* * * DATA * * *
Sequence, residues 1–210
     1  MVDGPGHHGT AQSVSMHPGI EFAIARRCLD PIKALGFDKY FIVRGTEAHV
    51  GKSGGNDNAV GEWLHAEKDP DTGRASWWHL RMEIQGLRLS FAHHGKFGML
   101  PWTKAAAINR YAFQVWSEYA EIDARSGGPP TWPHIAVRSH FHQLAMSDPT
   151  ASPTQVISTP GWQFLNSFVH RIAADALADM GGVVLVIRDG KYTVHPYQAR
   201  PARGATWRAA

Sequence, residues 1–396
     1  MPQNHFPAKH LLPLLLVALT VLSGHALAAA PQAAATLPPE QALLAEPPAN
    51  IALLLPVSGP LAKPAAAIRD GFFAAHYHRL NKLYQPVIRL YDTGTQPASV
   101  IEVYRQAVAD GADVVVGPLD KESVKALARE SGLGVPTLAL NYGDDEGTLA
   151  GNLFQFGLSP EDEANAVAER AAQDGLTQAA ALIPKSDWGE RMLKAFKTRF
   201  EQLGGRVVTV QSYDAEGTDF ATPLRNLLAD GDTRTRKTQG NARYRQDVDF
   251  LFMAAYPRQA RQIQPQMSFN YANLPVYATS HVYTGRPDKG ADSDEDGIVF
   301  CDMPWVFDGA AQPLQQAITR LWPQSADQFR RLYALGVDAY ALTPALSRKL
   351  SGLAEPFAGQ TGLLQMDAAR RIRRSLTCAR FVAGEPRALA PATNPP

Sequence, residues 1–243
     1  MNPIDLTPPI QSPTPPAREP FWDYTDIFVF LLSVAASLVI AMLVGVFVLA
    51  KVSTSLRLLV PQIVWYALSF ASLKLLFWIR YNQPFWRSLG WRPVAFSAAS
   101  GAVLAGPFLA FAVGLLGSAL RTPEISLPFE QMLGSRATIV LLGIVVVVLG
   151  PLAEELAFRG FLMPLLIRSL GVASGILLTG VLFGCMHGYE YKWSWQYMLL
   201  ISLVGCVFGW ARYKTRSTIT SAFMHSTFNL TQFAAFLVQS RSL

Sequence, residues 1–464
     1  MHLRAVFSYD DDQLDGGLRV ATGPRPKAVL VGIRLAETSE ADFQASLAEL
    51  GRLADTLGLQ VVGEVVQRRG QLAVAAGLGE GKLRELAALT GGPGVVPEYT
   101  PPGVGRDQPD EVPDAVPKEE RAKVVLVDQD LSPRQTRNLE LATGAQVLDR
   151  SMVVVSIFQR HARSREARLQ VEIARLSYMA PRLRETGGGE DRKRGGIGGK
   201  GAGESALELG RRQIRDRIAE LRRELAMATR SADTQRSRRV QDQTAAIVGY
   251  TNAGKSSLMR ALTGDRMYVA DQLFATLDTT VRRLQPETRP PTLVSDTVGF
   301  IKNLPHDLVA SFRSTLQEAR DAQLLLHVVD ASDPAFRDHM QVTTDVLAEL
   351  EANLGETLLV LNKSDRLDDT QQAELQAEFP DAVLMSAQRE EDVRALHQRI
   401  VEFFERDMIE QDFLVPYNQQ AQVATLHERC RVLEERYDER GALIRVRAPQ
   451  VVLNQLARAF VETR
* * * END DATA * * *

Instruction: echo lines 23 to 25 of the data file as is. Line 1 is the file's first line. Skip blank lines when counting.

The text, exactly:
     1  MHLRAVFSYD DDQLDGGLRV ATGPRPKAVL VGIRLAETSE ADFQASLAEL
    51  GRLADTLGLQ VVGEVVQRRG QLAVAAGLGE GKLRELAALT GGPGVVPEYT
   101  PPGVGRDQPD EVPDAVPKEE RAKVVLVDQD LSPRQTRNLE LATGAQVLDR